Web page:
6. Redesign key streets for better mobility. Streets such as Greenville Avenue, Glenville Drive and Alma Road could be reconfigured to provide better frontage for new and existing businesses and create an ease of mobility for area users.

  7. Create a shared innovation space for new businesses. A public-private partnership was recommended by consultants as an avenue to create a physical space for biotech startups.

  8. Strengthen partnerships with universities and colleges, such as UT Dallas, Southern Methodist University, Richland College and UT Southwestern, to help to promote and market the district.

  9. Create more open space by improving areas, such as Duck Creek, that already possess the ability to become outdoor amenities.

  10. Redevelop key opportunity sites through rezoning. The consultants singled out the area surrounding Duck Creek as having potential for greater business uses as well as the area around Greenville Avenue for more residential development.

Going forward the team said they plan to continue to build awareness about the project as well as refine strategies and options for implementation. To learn more about plans for the innovation district visit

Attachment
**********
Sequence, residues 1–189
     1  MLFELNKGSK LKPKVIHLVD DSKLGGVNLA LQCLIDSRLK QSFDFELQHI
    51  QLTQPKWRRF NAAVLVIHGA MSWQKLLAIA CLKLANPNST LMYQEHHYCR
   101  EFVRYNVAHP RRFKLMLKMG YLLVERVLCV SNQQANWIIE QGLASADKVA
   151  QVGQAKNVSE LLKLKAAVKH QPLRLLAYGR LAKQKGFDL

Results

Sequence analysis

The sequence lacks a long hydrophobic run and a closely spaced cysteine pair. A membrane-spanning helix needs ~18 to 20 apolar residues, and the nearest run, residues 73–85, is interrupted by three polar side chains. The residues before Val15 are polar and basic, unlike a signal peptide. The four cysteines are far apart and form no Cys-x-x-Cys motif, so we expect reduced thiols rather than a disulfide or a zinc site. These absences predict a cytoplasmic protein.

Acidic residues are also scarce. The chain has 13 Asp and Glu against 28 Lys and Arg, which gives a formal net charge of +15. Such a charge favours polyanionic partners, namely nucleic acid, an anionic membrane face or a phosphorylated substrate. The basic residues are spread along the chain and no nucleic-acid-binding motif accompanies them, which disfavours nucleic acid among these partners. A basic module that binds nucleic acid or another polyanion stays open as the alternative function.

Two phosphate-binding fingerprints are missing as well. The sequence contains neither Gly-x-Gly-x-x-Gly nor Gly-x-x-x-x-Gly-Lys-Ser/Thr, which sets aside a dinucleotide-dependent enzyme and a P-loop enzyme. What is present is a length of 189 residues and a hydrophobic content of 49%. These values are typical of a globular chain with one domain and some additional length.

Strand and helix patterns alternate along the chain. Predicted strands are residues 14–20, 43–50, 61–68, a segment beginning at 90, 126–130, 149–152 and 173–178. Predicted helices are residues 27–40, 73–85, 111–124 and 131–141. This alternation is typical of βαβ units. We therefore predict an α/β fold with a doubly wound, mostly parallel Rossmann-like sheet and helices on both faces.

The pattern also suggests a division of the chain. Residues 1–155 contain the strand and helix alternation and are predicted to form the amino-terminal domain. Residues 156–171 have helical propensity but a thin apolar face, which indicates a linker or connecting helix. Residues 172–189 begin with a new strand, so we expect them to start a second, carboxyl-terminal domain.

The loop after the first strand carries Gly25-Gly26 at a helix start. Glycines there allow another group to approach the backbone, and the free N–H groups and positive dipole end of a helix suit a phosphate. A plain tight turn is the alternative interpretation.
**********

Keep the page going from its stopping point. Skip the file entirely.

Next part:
By Olivia Lueckemeyer
Olivia Lueckemeyer graduated in 2013 from Loyola University New Orleans with a degree in journalism. She joined Community Impact Newspaper in October 2016 as reporter for the Southwest Austin edition before her promotion to editor in March 2017. In July 2018 she returned home to the Dallas area and became editor of the Richardson edition.


The Silver Line will include 10 stations along its planned route, including two in Plano and two in Richardson. (William C. Wadsack/Community Impact Newspaper)
DART offers two virtual meetings for public to review long-term mobility plans

The meetings will be streamed Oct. 27 from noon-1 p.m. and Oct. 28 from 6:30-7:30 p.m., according to DART.

City health officials decided to spray a portion of Richardson after a mosquito trap tested positive for the West Nile virus, according to a city release. (Courtesy Adobe Stock)
Richardson to spray Oct. 26-27 after mosquito trap tests positive for West Nile virus

The Richardson Health Department plans to spray for mosquitoes in the southwest section of the city after a trap in the area tested positive for West Nile virus.

"The Dude" is the signature burger at Lebowski's Grill. (Olivia Aldridge/Community Impact Newspaper)
CI NATION ROUNDUP: Lebowski's Grill upends expectations in Austin; first Houston-area Costco Business Center opens in Stafford and more top news

Take a look at the top five trending stories across all of Community Impact Newspaper’s coverage areas as of Oct. 26.